The Justice Department has decided it will not prosecute Goldman Sachs or its employees for their role in the financial crisis, following an investigation by senators Carl Levin (D-MI) and Tom Coburn (R-OK). The congressional investigation found problems with the credit rating agencies and poor oversight from regulators, and highlighted abuses by Goldman Sachs and other large investment banks. Senator Levin sent a formal referral to the Justice Department for a criminal investigation in April 2011.
The investigative report by the Senate's Permanent Subcommittee on Investigations, chaired by Levin, found that Goldman Sachs "used net short positions to benefit from the downturn in the mortgage market, and designed, marketed, and sold CDOs in ways that created conflicts of interest with the firm's clients and at times led to the bank's profiting from the same products that caused substantial losses for its clients."
A statement from the Justice Department issued late on Thursday evening noted, "Based on the law and evidence as they exist at this time, there is not a viable basis to bring a criminal prosecution with respect to Goldman Sachs or its employees in regard to the allegations set forth in the report."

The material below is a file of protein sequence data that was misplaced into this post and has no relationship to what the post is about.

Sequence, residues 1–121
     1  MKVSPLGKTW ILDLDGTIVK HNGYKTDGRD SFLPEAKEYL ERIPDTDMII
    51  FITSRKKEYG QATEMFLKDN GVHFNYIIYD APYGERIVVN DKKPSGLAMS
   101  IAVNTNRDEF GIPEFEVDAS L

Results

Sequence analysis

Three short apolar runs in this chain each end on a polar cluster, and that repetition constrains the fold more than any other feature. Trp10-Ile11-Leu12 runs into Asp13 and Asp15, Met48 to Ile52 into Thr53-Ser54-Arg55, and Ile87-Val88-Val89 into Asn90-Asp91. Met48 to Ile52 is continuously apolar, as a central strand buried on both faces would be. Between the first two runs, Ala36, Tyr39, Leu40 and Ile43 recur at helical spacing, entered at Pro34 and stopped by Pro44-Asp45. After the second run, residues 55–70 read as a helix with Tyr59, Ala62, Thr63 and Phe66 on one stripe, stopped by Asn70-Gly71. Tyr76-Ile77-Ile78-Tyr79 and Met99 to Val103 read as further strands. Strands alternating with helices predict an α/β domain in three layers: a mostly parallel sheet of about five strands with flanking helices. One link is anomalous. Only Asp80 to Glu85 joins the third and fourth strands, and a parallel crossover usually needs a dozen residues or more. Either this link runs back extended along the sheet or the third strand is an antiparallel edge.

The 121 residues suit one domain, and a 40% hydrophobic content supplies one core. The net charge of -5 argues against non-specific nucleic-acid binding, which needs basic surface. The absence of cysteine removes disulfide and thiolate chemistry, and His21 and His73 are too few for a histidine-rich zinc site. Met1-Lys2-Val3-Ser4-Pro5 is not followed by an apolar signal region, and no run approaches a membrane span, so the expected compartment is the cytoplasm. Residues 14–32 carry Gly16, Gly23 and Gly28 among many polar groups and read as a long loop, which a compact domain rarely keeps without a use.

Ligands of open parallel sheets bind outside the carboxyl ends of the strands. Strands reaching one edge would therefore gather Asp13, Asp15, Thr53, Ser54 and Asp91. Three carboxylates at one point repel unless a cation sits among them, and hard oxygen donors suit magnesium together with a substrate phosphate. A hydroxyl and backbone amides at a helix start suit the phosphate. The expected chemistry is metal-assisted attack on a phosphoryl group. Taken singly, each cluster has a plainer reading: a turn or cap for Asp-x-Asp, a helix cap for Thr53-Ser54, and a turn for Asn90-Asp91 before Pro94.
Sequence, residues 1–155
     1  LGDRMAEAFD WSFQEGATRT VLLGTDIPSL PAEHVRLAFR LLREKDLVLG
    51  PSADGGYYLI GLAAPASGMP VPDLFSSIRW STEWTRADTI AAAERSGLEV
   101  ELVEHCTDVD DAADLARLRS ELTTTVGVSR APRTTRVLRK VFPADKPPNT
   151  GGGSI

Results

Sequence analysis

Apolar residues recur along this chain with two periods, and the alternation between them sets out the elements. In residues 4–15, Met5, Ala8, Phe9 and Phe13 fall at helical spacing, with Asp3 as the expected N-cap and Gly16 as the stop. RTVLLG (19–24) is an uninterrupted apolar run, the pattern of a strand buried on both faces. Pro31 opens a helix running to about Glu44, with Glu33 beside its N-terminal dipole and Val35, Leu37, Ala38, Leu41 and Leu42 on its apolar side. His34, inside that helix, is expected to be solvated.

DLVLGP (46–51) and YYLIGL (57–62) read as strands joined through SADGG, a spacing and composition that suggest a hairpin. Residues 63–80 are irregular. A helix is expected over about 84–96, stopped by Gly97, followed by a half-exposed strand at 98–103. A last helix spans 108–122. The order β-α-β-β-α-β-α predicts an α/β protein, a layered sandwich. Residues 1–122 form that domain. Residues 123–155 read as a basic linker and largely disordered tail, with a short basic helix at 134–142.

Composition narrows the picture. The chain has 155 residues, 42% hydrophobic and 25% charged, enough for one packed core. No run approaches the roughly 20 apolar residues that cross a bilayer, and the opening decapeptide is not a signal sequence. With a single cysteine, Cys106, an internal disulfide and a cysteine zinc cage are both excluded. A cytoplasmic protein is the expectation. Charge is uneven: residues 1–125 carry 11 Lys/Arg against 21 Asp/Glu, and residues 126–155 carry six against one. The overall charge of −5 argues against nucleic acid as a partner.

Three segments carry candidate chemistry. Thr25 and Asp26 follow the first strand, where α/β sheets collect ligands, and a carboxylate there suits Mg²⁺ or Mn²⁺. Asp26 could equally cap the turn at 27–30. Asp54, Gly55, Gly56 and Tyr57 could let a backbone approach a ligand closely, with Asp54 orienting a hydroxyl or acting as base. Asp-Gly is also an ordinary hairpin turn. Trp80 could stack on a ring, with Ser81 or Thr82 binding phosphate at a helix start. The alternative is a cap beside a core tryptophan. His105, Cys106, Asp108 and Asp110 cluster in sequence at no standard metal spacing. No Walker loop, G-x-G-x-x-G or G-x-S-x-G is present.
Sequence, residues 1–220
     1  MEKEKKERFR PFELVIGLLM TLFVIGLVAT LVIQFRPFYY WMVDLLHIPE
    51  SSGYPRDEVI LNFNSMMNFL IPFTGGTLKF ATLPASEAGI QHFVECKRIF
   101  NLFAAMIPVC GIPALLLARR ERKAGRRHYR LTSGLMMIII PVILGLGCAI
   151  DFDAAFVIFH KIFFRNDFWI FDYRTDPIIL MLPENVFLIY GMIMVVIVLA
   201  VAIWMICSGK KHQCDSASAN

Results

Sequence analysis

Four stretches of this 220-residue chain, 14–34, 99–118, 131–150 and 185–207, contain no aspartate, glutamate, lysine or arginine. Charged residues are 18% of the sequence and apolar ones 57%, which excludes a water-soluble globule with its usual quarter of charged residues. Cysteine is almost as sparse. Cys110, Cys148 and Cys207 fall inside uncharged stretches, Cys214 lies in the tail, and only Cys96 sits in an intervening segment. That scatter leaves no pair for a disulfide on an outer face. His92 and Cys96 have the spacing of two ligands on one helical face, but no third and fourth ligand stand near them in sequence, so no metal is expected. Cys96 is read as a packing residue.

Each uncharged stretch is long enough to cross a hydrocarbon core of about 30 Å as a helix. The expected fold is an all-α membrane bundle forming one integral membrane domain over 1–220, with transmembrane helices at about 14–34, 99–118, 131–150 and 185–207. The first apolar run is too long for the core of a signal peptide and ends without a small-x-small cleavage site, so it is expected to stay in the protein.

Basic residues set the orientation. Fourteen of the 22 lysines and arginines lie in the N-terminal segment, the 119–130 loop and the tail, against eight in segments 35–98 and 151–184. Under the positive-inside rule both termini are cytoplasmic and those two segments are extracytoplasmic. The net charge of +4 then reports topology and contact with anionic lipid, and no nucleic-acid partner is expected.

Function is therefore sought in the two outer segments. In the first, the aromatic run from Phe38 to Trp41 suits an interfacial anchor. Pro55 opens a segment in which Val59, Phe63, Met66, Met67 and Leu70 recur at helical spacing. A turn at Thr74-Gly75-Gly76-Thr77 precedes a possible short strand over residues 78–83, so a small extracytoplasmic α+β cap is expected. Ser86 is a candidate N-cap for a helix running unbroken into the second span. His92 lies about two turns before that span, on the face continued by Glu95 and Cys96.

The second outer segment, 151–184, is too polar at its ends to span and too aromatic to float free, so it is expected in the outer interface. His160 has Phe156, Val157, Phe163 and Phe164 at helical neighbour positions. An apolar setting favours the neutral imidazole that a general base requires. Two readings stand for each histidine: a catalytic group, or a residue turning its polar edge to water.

"The department and its investigative partners conducted an exhaustive review of the report and its exhibits, independently gathered and scrutinized a large volume of other documents, and tenaciously pursued potential evidentiary leads, including conducting numerous witness interviews," the Justice Department's statement continued. "While the department and investigative agencies ultimately concluded that the burden of proof to bring a criminal case could not be met based on the law and facts as they exist at this time, we commend the hard work of those involved in preparing the report and thank the Senate's Permanent Subcommittee on Investigations for its cooperation in regard to the criminal investigation."
"We are pleased that this m